Should I Have a Will or a Trust?

Should I Have a Will or a…

While the will is a very basic estate planning tool that is fundamental to any comprehensive estate plan, a trust can offer significant advantages that a will does not. As a result, depending on your situation, a trust may be a valuable part of your estate plan. Additionally, in most cases, an estate plan containing both a will and a trust is the best way to ensure that your assets are distributed as you intended, as well as to avoid the costly, time-consuming, public nature of probate court proceedings.

A will is a legal document that sets forth how you wish all of your property to be distributed following your death. In a will, you appoint a personal representative, who is responsible for carrying out the directives in your will, as well as beneficiaries, who are the people you choose to receive your property. You can include all types of assets in your will, including real estate and personal property.

One of the biggest downsides to a will, however, is that your personal representative is likely to be required to file an estate to distribute the property listed in your will. Probate can be lengthy and costly, as your personal representative will have to get court permission to take certain actions, such as to pay your creditors and distribute your property as your will dictates. A will that is admitted to probate also becomes a public record, which will allow the general public to read your will and how you have chosen to distribute your property. However, if you choose to use a pour-over will in conjunction with a trust, any property governed by your will simply will pour over into your trust and then be distributed according to the terms of your private trust, rather than requiring probate proceedings. This is one example about how you can use a will and a trust together to provide you with a sound and effective estate plan.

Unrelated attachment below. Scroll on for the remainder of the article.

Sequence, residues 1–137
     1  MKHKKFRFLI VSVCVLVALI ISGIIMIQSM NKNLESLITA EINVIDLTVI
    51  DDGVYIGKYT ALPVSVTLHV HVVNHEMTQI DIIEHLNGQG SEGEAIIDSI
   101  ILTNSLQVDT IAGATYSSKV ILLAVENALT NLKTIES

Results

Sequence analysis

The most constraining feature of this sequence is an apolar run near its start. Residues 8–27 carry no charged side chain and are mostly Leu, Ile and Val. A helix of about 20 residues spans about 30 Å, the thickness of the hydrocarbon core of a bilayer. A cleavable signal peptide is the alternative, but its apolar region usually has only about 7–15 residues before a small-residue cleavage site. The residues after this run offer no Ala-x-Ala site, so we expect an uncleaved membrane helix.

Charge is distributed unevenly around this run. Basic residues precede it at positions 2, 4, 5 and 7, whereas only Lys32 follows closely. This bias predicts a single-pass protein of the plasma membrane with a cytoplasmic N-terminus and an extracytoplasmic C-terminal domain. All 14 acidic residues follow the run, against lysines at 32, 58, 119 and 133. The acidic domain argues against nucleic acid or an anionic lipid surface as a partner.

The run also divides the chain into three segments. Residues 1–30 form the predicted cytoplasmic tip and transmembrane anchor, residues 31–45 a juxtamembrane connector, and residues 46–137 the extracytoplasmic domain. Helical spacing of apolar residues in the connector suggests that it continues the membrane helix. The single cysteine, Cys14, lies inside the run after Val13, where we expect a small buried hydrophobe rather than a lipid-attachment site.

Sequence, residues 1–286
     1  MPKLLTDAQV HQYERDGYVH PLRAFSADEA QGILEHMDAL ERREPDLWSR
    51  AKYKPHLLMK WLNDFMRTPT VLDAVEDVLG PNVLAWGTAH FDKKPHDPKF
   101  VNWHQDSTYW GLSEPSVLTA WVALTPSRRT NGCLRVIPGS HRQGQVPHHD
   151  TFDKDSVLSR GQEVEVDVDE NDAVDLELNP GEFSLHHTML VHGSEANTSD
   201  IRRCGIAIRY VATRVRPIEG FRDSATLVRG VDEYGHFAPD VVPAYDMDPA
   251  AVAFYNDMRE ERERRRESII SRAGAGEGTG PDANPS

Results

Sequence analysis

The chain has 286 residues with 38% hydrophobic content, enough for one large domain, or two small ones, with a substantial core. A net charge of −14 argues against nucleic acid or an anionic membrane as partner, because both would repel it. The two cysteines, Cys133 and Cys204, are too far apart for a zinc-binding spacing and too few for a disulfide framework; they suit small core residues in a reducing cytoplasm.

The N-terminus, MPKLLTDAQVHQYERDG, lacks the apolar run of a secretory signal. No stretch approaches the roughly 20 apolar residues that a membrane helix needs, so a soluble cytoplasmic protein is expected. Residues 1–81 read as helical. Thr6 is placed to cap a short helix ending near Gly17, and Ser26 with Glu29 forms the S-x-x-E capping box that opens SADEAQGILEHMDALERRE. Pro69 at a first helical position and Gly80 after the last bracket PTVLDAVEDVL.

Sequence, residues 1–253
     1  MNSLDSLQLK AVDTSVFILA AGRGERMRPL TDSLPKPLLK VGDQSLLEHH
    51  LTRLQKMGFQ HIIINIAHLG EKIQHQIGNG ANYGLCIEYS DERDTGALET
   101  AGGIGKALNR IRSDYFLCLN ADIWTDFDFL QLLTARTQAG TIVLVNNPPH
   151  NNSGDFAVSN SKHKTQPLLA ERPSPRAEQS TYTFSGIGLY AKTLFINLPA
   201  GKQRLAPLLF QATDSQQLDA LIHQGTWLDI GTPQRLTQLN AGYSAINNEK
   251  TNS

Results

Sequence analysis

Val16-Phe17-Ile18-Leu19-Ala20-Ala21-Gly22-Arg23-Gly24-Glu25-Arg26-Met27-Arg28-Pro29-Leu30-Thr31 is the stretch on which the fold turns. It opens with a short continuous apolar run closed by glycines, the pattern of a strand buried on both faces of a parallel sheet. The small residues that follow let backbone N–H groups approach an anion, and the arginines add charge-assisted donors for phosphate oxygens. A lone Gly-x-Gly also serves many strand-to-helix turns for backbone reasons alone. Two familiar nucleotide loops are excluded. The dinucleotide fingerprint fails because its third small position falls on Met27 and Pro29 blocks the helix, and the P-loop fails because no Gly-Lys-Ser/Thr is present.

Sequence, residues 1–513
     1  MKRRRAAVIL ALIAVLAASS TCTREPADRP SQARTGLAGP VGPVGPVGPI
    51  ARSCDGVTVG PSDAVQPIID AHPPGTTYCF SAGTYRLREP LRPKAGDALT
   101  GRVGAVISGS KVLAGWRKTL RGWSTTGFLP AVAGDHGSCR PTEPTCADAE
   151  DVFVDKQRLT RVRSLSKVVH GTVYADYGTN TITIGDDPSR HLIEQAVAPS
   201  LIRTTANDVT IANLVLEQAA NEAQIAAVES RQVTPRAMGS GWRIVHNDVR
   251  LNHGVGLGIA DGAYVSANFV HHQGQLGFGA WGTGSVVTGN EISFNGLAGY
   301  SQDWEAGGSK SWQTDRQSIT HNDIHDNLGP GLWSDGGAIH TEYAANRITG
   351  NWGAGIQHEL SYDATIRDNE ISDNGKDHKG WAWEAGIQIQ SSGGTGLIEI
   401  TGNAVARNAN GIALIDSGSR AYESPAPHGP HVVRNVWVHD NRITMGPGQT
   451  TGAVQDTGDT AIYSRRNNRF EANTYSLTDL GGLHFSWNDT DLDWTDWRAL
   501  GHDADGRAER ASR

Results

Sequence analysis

While probate isn’t always avoidable, a trust can be a good way to remove your property from your probate estate and have it distributed according to your instructions as set forth in a private trust document. Trusts can take a variety of different forms, depending on your estate planning needs. Essentially, you transfer your property to the trust, which is governed by a person whom you choose to be trustee. That property then passes to your named beneficiaries following your death according to the terms of the trust, altogether bypassing probate court.

The estate planning attorneys of Legacy Law Center are here to help clients navigate through the estate planning process in order to adequately address all of their issues and concerns. With our skills, experience, and knowledge, we can help you make the estate planning decisions that will best benefit you and your family. Contact us at our Ann Arbor office today and find out how we can assist you with your needs.

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